Enriching the Sociological Imagination: How Radical Sociology Changed the Discipline

Enriching the Sociological Imagination: How Radical Sociology Changed the Discipline

Enriching the Sociological Imagination: How Radical Sociology Changed the Discipline

Enriching the Sociological Imagination: How Radical Sociology Changed the Discipline

Synopsis

This book presents classical articles influencing the field that appeared in The Insurgent Sociologist, along with current reflections by the original authors. These selections reflect radical sociology's continuing interest in capitalist development, class, race, gender, and power. The introduction contextualizes the role of The Insurgent Sociologist in the development of a radical sociology and its impact on the discipline. The conclusion provides an agenda for how the next version of critical sociology should relate to and strengthen the heterogeneous world of civil society. Never have so many prominent sociologists provided such a rare intellectual treat by being so frank about their own past work, and then suggest how we can do better in the future to provide frameworks for a critical and relevant sociology.

Excerpt

The 21st Century began with a very different political and social environment when compared with most of the last century: Capitalism as a system evolved from national and rapacious, to international and imperial, to global and invasive. The revolutionary workers' movements at the start of the last century, with its hopes for international solidarity in the struggle against capitalism begun at the end the 19th Century, culminating in the Russian Revolution of Workers and Peasants in 1917 and the Chinese Revolution in 1949, faded by the end of the 20th Century with the dissolution of the Soviet Union and with China experimenting with a “people's capitalism”. The social welfare gains won in industrial Europe and to some extent the United States have been eroded in the name of liberal deregulation, international competition, and global rationalization. The Third World is much worse off both relatively and in most cases even absolutely as developed countries, that had promised spreading of the wealth, have turn their backs – or perhaps have never made a full effort to improve these countries economically.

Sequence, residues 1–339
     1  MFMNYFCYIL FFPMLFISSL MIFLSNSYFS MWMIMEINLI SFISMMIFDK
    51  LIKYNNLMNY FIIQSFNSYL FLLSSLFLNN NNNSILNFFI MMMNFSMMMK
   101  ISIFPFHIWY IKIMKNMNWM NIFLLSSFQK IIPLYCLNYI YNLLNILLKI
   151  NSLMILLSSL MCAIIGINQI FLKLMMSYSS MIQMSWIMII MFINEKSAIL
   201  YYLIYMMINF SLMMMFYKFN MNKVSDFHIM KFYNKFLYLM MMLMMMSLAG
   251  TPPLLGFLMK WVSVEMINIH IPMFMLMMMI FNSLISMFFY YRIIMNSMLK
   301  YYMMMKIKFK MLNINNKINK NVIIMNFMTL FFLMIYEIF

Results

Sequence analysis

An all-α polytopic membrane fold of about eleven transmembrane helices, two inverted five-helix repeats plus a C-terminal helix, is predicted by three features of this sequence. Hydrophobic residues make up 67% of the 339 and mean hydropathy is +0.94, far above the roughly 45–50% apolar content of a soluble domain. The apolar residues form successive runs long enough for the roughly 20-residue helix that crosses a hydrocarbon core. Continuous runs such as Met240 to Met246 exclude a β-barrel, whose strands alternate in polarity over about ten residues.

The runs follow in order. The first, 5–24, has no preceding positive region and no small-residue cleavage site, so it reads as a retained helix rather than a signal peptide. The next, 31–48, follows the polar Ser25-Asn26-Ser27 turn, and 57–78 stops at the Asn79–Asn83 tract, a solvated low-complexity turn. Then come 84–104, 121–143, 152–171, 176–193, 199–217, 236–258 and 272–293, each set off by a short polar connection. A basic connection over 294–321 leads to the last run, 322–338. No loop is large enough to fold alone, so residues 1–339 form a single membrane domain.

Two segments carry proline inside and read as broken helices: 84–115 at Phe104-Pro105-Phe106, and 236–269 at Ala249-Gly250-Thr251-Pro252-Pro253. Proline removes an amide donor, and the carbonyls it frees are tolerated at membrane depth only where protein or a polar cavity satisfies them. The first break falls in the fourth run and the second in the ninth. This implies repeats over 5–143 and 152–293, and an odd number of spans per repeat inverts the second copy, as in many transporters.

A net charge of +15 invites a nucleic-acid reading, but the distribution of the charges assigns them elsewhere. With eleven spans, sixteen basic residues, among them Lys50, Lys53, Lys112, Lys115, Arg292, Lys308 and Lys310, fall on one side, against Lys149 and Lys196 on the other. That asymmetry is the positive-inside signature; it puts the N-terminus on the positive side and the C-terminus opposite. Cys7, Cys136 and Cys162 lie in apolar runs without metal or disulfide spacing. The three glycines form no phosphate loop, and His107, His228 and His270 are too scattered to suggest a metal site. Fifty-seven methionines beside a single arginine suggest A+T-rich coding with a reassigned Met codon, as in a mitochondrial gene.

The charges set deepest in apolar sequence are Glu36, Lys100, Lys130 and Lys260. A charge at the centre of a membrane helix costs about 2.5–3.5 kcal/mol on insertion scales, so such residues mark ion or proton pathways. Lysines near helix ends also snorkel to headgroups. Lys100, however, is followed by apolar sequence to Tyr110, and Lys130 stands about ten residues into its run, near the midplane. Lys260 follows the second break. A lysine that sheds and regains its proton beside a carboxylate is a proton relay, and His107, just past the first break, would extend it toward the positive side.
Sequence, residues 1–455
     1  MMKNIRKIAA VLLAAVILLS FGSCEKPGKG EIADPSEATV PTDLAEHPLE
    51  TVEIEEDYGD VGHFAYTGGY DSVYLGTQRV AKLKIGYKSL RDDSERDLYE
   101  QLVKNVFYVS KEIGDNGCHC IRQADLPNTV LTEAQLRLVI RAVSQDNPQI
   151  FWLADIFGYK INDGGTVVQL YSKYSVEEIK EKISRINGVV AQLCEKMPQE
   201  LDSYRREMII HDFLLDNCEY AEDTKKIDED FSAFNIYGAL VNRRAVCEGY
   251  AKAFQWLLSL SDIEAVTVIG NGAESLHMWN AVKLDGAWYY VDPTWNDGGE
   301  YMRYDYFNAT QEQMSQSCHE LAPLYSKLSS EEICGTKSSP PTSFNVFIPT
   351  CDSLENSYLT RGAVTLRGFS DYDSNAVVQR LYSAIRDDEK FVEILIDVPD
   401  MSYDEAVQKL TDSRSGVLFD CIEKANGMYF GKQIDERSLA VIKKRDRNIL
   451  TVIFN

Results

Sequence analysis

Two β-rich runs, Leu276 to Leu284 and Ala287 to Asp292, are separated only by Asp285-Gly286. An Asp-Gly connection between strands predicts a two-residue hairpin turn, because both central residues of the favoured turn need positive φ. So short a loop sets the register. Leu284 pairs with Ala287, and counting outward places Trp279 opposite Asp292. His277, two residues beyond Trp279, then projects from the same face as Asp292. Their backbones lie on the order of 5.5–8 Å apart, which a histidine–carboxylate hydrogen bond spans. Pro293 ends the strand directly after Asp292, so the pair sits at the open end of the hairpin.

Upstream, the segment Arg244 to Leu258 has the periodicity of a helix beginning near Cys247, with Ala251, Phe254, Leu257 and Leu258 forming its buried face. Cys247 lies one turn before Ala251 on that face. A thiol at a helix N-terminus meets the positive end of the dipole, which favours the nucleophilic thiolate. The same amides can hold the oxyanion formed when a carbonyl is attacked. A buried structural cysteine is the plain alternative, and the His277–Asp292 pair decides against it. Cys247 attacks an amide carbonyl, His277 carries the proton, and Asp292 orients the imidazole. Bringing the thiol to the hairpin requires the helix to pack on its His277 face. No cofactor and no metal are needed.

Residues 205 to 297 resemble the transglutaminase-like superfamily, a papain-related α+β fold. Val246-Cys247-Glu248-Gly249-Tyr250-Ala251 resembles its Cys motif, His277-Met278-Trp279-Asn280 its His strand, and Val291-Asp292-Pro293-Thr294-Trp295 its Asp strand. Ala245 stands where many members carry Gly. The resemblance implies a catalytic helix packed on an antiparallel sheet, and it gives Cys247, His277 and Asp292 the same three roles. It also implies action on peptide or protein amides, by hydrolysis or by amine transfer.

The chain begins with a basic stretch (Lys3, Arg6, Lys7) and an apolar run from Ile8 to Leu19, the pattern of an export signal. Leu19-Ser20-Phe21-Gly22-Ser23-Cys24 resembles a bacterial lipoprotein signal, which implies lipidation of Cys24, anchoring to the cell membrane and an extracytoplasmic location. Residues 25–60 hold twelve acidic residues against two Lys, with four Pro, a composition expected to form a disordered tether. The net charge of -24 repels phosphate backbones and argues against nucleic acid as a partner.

For the last 35 years scholars associated with the Insurgent Sociologist, and more recently Critical Sociology, have sought to both understand and change the social, political and economic climate of this society (and by extension how our society impacts on the rest of the world). As Rhonda Levine's Introduction to this volume chronicles, the journal charts a journey that brings radical and critical thinking into the mainstream of sociology. In 1999 a decision was made to celebrate 25 years of articles in the journal that helped shape the academic landscape and created a whole generation of scholars by publishing a retrospective issue with updated commentary by the original authors. The response was very positive and many people asked how this issue could be made more widely available. After discussions with Joed Elich at Brill Academic Press, and with the recognition that the time is right to provide an outlet for new critical writings, this series was created. It is dedicated to publishing expanded versions of recent special issues of Critical Sociology as well as new books and collections of essays.

We launch the series with this volume, a update of Critical Sociology 25:2/3 to reflect on 30 years of critical scholarship, because we believe we can look forward by looking back. In addition, this first volume ends with a challenge that critical sociologists – who have managed to bring radical thinking into the mainstream – should now bring their analysis of contemporary society . . .

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